Monday, November 7, 2011

3D PDF Technology – Where it fits in

I happened to read about PROSTEP PDF Generator 3D in CIMData’s website this weekend which lead me to explore the world of 3D PDF’s. I find interactive 3D PDF files pretty amazing. For those of you who haven’t had a chance to view them please click on this link: to view sample 3D PDF files. There are several examples listed like:

     Turbine engine (PDF, 4.5M, Original CAD format: SolidWorks)

     Jet concept design (PDF, 4.7M, Original CAD formats: Siemens NX, CATIA V5, and Pro/ENGINEER Wildfire)

     Crankshaftassembly (PDF, 3.0M, Original CAD format: Pro/ENGINEER Wildfire)

I observed many tools when I opened these files in Adobe Reader including those to isolate Parts, different Part Rendering Modes including Transparent, Wireframes, Illustrations etc, different Model Rendering Modes, Model Tree highlighting - will highlight different parts in the model, 3D measurement tools, etc. PDF Generator 3D Reader Extensions Module offers the option of activating a large number of additional functions for using the generated 3D PDF documents in Adobe Reader. The recipient can, for example, add comments or fill in certain fields on a form. PDF Generator 3D Rights Management Module allows the information contained in the 3D PDF documents to be protected against access by unauthorized persons. Access rights can be restricted to a specific period of time and if necessary can be revoked when, for example, a document is no longer valid. Overall I feel it’s a good tool for visualization even though rendering and loading takes some time even with a powerful computer. For those interested in the details of the components of PDF Generator 3D have a look here:

I see 3 major advantages of using 3D PDF technology:

     Standardization: No doubt there are visualization tools from nearly every CAD vendors which will help view a multitude of product data (e.g., MCAD/ECAD files, MS Office documents) without the authoring application. But all such tools need the downstream consumers to have the same tools which might be difficult considering that manufacturing and support services are likely to be outsourced.  I think Adobe tries to solve this problem with Interactive 3D PDF. “Interactive 3D PDF files look exactly like the original 3D design, regardless of the application used to create it or the environment in which it's viewed.” [] The currently supported CAD formats are:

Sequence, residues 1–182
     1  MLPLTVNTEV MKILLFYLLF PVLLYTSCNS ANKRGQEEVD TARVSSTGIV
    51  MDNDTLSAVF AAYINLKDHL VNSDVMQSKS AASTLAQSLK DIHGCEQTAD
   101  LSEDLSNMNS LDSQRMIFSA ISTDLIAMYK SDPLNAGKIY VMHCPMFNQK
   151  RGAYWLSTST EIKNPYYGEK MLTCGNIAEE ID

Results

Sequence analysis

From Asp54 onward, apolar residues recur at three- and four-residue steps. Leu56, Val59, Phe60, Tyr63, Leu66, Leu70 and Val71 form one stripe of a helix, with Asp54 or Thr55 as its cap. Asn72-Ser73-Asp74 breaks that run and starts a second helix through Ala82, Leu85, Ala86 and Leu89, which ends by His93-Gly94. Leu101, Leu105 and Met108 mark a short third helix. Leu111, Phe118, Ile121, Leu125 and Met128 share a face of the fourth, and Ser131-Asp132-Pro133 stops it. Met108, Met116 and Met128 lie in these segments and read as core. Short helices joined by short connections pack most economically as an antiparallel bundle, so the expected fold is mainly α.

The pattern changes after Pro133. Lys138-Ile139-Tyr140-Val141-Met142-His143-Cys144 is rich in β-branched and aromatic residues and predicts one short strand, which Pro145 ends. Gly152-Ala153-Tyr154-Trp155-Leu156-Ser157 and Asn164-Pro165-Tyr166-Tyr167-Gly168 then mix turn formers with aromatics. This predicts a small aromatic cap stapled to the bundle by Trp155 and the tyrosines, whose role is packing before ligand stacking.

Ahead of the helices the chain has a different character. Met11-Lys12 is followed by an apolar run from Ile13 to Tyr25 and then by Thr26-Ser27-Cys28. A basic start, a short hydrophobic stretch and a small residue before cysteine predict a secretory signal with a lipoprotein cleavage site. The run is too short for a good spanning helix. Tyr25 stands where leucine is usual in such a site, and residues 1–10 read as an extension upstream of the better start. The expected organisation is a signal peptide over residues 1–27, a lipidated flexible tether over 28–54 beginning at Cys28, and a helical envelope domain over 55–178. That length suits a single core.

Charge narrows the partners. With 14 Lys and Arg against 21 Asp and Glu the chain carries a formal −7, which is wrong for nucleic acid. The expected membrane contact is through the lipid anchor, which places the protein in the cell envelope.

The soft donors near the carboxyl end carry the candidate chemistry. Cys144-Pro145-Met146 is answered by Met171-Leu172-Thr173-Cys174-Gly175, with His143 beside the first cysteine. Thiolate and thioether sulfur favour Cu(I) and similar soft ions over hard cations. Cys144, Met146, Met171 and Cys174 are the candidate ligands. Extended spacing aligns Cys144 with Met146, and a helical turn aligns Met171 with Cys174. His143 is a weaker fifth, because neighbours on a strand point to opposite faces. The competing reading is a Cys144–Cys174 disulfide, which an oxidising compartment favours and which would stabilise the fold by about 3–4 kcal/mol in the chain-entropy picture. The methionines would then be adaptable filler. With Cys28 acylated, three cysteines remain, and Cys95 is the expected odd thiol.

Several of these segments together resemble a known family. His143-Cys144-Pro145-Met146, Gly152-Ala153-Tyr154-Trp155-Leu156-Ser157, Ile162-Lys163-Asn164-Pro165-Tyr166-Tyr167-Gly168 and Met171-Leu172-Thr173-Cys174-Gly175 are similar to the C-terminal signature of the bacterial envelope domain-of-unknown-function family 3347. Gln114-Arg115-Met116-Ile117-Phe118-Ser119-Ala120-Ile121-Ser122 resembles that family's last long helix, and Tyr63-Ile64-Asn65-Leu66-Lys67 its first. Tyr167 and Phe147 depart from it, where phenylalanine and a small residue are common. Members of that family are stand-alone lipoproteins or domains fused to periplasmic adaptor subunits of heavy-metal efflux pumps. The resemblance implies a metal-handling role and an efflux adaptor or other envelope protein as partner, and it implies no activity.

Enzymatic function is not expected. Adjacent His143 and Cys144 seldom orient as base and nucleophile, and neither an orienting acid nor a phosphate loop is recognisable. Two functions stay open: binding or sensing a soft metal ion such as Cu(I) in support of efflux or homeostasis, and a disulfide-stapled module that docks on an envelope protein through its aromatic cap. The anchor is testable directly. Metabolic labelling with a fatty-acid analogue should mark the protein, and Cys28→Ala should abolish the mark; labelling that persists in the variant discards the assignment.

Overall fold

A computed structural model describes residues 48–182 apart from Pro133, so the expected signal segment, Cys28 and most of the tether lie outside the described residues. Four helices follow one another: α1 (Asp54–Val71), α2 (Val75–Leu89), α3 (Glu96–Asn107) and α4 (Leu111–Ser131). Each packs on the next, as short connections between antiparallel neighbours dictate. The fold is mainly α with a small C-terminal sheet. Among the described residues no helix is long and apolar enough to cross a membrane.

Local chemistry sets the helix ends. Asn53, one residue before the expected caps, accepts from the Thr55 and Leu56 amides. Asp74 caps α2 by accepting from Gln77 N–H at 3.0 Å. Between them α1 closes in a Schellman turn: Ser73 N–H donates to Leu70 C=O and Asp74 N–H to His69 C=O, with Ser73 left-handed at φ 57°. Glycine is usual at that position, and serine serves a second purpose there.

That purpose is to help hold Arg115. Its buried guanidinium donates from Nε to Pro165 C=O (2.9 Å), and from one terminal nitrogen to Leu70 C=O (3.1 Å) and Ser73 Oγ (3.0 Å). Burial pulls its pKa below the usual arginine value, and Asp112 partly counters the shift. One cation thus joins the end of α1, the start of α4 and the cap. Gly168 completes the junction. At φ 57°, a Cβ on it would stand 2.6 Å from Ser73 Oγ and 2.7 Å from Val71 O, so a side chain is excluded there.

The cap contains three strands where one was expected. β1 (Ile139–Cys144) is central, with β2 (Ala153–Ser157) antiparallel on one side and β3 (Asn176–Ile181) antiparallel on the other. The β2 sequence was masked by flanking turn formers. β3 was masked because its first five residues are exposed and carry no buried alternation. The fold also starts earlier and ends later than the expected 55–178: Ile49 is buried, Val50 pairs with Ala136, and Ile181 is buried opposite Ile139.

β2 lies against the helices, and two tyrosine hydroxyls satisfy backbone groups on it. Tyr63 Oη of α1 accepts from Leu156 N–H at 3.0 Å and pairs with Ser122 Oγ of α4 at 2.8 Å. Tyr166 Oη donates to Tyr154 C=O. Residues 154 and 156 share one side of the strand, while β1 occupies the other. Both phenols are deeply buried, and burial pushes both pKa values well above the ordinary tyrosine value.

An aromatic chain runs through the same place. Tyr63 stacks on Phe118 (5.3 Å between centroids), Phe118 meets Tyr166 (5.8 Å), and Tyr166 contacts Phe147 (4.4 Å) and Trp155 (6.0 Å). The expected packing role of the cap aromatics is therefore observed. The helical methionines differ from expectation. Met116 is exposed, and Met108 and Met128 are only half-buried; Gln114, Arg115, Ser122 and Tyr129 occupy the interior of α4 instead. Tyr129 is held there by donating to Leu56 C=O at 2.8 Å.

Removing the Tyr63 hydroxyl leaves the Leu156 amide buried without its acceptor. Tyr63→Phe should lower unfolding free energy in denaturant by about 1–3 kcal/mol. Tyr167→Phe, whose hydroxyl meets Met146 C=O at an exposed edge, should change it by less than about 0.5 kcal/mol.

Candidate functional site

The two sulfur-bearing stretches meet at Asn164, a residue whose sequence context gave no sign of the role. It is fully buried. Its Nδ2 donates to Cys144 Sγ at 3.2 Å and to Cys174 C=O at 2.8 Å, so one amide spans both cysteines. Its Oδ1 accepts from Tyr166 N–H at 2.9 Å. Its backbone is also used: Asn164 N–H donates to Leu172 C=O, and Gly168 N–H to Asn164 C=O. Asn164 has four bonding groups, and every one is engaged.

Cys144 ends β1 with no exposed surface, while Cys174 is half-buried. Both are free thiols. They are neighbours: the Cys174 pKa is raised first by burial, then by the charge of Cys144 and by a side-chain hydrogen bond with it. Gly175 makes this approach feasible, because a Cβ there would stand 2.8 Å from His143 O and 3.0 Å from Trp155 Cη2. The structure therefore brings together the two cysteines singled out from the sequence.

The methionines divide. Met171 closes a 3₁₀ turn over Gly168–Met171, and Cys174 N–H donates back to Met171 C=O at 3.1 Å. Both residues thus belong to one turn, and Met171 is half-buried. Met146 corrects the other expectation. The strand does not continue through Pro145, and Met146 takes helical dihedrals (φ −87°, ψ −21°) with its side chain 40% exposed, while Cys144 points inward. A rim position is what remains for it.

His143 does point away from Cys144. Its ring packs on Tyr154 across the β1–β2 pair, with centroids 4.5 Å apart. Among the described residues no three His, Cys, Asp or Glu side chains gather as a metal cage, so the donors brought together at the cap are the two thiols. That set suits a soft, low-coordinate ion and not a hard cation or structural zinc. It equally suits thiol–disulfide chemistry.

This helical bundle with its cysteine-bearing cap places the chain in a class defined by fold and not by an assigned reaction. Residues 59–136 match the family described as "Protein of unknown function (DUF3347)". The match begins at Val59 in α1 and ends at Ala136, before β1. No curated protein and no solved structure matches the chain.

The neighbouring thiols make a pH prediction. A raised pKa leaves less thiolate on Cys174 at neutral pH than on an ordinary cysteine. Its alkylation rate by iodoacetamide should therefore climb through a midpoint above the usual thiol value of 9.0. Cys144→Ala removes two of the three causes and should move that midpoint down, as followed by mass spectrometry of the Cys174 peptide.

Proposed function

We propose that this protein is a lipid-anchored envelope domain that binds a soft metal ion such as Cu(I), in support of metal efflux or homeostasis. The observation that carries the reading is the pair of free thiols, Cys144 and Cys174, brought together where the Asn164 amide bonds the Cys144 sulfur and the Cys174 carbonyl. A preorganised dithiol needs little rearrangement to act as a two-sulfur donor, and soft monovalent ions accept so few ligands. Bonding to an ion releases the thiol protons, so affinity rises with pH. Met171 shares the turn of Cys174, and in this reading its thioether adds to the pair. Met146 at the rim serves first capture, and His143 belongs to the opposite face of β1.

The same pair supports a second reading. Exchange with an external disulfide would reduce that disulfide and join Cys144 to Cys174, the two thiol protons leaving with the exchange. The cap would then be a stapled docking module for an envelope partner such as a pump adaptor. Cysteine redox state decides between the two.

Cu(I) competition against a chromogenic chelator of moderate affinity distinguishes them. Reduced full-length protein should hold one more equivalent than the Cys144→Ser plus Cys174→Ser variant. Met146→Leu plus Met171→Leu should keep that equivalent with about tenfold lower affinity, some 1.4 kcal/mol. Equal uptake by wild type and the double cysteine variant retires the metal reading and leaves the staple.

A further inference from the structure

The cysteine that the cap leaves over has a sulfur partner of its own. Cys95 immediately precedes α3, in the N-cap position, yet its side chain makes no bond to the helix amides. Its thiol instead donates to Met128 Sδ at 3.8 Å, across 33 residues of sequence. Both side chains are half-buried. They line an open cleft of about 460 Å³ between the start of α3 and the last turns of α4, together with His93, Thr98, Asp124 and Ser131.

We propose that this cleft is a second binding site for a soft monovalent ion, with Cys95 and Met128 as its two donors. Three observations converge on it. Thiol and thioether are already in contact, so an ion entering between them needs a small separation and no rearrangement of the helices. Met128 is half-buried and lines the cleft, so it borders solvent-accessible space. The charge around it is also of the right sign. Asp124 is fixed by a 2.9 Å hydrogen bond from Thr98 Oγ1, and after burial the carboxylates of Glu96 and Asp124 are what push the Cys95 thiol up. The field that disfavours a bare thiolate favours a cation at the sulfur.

Reduction in Total Cost of Ownership: If your product data needs to be viewed across the Realise (Manufacturing), Use/Support (Customer service), Retire/Dispose phases (The phases are from John Stark's PLM Grid) then each user associated with the individual phases will need licenses for a visualization tool. With 3D PDF that cost is cut down. Since Adobe Acrobat is installed in the majority of users – this would also mean a reduced load on IT for installing and maintaining the visualization tool. However a details cost benefit analysis should be made comparing the total license costs of the currently used desktop-based visualization tool versus the cost of the 3D PDF Generator tool (a professional server solution that offers full functionality and accommodates up to 50 users for less than € 10,000).

     Long Term Archival and Retrieval Solution: If the lifecycle of your product extends several decades then a question worth pondering is whether the CAD format would still be supported. While the PDF specification was available for free since at least 2001, PDF was originally a proprietary format controlled by Adobe, and was officially released as an open standard on July 1, 2008, and published by the International Organization for Standardization as ISO 32000-1:2008. In 2008, Adobe published a Public Patent License to ISO 32000-1 granting a royalty-free rights for all patents owned by Adobe that are necessary to make, use, sell and distribute PDF compliant implementations. [].3D PDF is the perfect candidate for a long term archival and retrieval solution. More information at 3D PDF Consortium